My daughters were 6 and 1 in 1980, so I didn't have mercy for reptiles like I do now. (Now, I let them live, but I still keep a nice, sharp hoe in my shed....habit). That fateful day John Lennon died, I was in bed recovering from amoebic dysentery (the whole family got it and we never discovered where it came from...the doctor asked us which foreign country we'd been traveling in....I told him the only foreign country I'd ever visited was the one in my head) and listening to the radio when the DJ interrupted the music and said, "John Lennon is dead." I was 26 years old and knew, for some reason, that my childhood was now irretrievably lost, (don't we all---those of us with crazy childhoods---somehow wish, deep inside, for a do-over?) and that this moment would forever divide time: before John died and after. One of the Beatles was dead. I cried like a baby. If you were a child or teen in the 1960's, the Beatles were a part of the soundtrack of your life. My oldest sister and all of her friends had all their records and I still know the words to all their hits. Yes, suddenly, I felt old. And here I sit 30 years later. My, how time flies.
My prayers go out to the family of the fierce and lovely Elizabeth Edwards who lost her brave battle with breast cancer yesterday. What a strong, beautiful woman she was! She reminded me of our Renee, who I think of almost every day. I'm so sorry that she didn't get to see her small children grown. Every mothers' prayer from those first birth contractions is, "Dear God, please just let me see my children grown." I'm really sorry she lost her valiant fight so soon. I know she's with her beloved Wade, her son who died at age 16. She lived her life courageously in spite of the most horrifying tragedies: death, cancer, betrayal.... Yes, she was a true, classy Southern Lady who we should all emulate.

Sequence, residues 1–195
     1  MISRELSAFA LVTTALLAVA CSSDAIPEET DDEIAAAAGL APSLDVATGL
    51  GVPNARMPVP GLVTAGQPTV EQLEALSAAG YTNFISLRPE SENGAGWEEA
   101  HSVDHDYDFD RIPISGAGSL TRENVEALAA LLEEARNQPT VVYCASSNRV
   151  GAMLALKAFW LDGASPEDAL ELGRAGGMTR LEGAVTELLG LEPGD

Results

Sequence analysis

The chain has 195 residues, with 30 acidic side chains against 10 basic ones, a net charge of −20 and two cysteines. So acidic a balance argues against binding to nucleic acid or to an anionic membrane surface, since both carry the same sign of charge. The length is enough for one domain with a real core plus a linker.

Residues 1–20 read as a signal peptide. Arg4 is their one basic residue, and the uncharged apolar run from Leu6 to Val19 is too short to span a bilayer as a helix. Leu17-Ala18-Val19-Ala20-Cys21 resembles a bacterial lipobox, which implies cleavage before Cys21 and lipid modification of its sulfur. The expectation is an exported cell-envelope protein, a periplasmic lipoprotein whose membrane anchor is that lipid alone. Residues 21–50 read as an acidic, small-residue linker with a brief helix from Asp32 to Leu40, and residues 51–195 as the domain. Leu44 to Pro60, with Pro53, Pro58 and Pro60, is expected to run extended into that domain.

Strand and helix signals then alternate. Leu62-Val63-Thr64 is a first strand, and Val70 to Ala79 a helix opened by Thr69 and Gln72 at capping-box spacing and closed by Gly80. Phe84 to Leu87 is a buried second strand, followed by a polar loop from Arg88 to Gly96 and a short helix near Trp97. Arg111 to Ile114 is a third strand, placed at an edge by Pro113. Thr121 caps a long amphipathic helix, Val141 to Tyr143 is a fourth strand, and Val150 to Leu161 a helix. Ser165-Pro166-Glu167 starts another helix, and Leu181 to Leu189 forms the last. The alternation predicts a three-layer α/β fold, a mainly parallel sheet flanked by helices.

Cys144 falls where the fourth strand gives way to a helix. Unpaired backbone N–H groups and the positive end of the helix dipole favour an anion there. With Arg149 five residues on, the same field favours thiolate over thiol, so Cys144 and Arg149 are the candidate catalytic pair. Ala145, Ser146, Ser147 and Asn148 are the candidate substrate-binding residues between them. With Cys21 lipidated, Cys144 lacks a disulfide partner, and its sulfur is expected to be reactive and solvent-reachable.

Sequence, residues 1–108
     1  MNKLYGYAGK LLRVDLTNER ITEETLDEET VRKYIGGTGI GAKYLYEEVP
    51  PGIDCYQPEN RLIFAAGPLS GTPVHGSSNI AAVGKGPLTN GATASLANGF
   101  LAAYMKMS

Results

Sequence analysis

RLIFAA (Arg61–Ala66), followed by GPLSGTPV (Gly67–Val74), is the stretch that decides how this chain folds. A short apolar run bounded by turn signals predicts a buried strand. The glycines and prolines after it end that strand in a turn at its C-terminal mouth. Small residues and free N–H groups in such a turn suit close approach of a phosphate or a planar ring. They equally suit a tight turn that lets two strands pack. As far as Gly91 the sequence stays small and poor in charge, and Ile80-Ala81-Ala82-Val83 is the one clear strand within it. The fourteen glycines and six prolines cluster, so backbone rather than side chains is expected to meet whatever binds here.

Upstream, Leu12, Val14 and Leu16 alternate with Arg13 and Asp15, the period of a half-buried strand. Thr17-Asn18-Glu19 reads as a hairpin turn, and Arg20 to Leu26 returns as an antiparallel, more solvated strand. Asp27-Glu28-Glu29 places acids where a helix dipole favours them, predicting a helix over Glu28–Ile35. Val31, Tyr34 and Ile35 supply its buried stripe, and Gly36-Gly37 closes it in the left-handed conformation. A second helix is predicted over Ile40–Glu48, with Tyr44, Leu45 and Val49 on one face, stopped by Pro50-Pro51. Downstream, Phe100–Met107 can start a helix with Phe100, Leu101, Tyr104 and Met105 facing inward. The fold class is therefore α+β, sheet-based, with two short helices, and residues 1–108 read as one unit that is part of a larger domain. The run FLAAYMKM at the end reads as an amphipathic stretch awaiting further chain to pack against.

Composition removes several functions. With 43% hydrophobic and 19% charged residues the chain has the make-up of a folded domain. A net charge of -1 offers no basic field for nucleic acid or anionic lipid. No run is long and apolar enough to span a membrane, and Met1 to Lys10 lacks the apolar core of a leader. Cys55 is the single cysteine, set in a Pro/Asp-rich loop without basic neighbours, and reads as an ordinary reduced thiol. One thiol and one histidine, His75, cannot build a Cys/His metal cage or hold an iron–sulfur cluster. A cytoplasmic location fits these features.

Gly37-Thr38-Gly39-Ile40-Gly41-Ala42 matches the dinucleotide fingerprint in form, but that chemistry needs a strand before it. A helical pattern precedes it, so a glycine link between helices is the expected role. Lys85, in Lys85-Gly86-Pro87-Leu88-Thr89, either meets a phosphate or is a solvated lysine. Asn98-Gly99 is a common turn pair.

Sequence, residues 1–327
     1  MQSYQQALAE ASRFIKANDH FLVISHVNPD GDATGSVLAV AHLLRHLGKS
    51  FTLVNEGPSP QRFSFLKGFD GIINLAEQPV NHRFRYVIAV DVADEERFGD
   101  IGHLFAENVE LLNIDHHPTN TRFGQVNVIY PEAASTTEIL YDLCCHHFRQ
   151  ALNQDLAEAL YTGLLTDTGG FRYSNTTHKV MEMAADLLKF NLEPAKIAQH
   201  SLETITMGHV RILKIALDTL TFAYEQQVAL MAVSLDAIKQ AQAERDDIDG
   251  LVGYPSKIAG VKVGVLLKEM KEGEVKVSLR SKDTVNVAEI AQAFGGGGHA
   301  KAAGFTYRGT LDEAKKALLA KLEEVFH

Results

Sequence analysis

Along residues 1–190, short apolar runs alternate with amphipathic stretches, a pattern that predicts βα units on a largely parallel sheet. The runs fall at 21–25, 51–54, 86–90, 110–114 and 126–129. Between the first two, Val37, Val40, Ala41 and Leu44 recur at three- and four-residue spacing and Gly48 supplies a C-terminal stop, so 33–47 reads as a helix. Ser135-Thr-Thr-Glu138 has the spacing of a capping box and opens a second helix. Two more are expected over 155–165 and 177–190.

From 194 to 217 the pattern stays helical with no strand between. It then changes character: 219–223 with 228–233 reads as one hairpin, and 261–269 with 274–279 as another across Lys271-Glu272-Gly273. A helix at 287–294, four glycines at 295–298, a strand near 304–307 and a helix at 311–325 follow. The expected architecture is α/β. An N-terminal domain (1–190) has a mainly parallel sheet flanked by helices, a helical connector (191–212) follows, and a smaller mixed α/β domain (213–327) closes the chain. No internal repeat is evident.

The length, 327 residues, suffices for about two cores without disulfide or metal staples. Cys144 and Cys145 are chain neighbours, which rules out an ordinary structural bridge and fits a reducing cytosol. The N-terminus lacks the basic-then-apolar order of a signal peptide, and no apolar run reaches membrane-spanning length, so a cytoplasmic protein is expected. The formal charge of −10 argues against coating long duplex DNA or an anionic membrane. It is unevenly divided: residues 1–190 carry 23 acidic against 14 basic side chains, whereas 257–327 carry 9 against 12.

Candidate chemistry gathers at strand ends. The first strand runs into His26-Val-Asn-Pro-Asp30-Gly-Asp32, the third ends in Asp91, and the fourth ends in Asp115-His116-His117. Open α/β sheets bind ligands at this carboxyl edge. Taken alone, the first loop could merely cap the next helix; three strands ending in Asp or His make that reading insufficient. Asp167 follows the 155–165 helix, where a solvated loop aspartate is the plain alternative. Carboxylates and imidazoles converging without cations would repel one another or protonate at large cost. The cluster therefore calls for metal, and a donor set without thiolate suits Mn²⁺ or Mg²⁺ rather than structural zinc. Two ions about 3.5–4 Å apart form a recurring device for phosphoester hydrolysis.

Live your life every moment of every day. I leave you with a poem. Blessings, ~Marion
A Prayer That Will Be Answered
by Anna Kamienska
Lord let me suffer much
and then die
Let me walk through silence
and leave nothing behind not even fear
Make the world continue
let the ocean kiss the sand just as before
Let the grass stay green
so that the frogs can hide in it
so that someone can bury his face in it
and sob out his love
Make the day rise brightly
as if there were no more pain
And let my poem stand clear as a windowpane
bumped by a bumblebee's head
From: "A Book of Luminous Things" an anthology of international poetry edited by Czeslaw Milosz, translated from the Polish by Stanislaw Baranczak and Clare Cavanaugh
"The fear of death follows from the fear of life. A man who lives fully is prepared to die at any time." ~Mark Twain
"People do not die for us immediately, but remain bathed in a sort of aura of life which bears no relation to true immortality but through which they continue to occupy our thoughts in the same way as when they were alive. It is as though they were traveling abroad." ~Marcel Proust
Because I could not stop for Death,
He kindly stopped for me.
The Carriage held but just ourselves
And Immortality... ~Emily Dickinson